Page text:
I have to exhaust the emotion before I feel clinical enough to analyze and project it [...] by the time I write a story I may longer have any hunger for it, but I feel I thoroughly know its flavor. [...]
Like Proust and Twain (and unlike those who stood to write - Dickens, Churchill, Woolf, Hemingway, Roth), Capote wrote in bed:
I am a completely horizontal author. I can’t think unless I’m lying down, either in bed or stretched on a couch, and with a cigarette and coffee handy. I’ve got to be puffing and sipping. As the afternoon wears on, I shift from coffee to mint tea to sherry to martinis. No, I don’t use a typewriter. Not in the beginning. I write my first version in longhand (pencil). Then I do a complete revision, also in longhand. Essentially, I think of myself as a stylist, and stylists can become notoriously obsessed with the placing of a comma, the weight of a semicolon. Obsessions of this sort, and the time I take over them, irritate me beyond endurance.
Let’s see ... that was the second draft. Then I type a third draft on yellow paper, a very special kind of yellow paper. No, I don’t get out of bed to do this. I balance the machine on my knees. Sure, it works fine; I can manage 100 words a minute. Well, when the yellow draft is finished, I put the manuscript away for a while: a week, a month, sometimes longer. When I take it out again, I read it as coldly as possible, then read it aloud to a friend or two and decide what changes I want to make, and whether or not I want to publish it. I’ve thrown away rather a few short stories, an entire novel and half of another. But if all goes well, I type the final version on white paper, and that’s that. [...]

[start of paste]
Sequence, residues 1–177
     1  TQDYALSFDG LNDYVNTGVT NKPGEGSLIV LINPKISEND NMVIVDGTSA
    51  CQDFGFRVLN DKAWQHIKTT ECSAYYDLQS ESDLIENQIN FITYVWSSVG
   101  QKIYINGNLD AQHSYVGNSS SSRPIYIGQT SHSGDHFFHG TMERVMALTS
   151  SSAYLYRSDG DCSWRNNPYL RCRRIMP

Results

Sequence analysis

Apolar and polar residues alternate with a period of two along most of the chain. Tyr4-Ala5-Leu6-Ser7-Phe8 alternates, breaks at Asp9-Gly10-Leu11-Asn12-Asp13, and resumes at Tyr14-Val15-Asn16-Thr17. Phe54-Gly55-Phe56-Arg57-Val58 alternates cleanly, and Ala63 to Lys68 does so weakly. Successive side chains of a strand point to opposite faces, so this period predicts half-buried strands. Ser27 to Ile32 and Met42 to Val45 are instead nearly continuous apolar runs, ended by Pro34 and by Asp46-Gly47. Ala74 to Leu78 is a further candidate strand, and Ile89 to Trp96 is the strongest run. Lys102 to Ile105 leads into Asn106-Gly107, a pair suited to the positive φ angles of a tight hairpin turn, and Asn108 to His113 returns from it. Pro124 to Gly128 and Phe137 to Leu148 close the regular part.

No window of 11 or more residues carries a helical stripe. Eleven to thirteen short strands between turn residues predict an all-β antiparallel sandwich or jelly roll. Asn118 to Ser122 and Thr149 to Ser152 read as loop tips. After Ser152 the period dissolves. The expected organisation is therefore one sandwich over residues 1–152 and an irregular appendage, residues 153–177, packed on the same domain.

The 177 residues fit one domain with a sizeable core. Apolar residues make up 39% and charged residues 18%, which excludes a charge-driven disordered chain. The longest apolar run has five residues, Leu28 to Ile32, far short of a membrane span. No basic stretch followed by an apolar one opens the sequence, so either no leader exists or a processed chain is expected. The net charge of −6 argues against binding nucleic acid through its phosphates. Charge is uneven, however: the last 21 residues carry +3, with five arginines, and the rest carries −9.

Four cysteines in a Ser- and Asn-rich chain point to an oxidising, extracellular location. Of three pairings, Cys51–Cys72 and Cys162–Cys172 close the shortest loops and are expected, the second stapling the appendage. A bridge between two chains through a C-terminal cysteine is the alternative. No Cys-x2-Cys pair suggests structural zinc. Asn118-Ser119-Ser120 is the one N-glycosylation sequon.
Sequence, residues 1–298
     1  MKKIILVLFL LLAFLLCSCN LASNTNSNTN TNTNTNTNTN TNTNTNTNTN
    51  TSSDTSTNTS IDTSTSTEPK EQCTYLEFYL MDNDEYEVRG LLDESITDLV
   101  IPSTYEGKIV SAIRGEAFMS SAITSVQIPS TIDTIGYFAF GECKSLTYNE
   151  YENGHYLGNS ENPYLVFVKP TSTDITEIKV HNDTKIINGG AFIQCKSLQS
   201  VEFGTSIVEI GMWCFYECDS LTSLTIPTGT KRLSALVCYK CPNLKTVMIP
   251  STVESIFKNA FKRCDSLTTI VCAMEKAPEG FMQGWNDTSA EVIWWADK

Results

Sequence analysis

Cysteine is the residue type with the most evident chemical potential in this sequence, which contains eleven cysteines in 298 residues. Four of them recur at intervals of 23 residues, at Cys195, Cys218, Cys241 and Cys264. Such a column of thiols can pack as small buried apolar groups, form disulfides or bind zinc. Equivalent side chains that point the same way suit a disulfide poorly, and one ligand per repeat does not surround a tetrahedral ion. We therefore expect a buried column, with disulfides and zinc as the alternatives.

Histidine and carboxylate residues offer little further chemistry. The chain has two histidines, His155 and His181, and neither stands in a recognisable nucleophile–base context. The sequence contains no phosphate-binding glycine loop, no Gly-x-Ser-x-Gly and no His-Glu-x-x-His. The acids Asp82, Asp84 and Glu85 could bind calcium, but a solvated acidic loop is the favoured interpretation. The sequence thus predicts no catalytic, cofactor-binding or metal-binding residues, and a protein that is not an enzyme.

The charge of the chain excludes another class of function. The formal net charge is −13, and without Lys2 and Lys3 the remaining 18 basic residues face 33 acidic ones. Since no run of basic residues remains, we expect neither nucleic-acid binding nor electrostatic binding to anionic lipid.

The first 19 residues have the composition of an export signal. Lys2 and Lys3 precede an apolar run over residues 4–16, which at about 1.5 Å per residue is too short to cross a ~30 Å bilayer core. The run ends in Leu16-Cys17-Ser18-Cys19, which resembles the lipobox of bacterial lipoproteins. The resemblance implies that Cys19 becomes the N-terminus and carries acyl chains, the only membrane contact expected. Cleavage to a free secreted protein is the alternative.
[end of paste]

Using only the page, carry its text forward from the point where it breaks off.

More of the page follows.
At one time I used to keep notebooks with outlines for stories. But I found doing this somehow deadened the idea in my imagination. If the notion is good enough, if it truly belongs to you, then you can't forget it - it will haunt you till it's written. [...]
I suppose my superstitiousness could be termed a quirk. I have to add up all numbers: there are some people I never telephone because their number adds up to an unlucky figure. Or I won’t accept a hotel room for the same reason. I will not tolerate the presence of yellow roses — which is sad, because they’re my favourite flower.
I can’t allow three cigarette butts in the same ashtray. Won’t travel on a plane with two nuns. Won’t begin or end anything on a Friday. It’s endless, the things I can’t and won’t. But I derive some curious comfort from obeying these primitive concepts.